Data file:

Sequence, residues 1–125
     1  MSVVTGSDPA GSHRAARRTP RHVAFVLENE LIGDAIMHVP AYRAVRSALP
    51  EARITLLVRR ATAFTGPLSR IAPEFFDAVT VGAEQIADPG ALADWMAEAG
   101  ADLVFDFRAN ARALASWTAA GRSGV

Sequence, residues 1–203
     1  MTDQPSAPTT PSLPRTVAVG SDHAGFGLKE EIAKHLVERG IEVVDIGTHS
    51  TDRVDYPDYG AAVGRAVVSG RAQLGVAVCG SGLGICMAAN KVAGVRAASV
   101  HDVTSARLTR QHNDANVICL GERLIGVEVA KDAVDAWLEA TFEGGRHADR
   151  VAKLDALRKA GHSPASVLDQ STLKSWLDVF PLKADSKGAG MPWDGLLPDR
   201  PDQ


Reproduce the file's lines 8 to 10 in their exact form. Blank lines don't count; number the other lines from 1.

   101  HDVTSARLTR QHNDANVICL GERLIGVEVA KDAVDAWLEA TFEGGRHADR
   151  VAKLDALRKA GHSPASVLDQ STLKSWLDVF PLKADSKGAG MPWDGLLPDR
   201  PDQ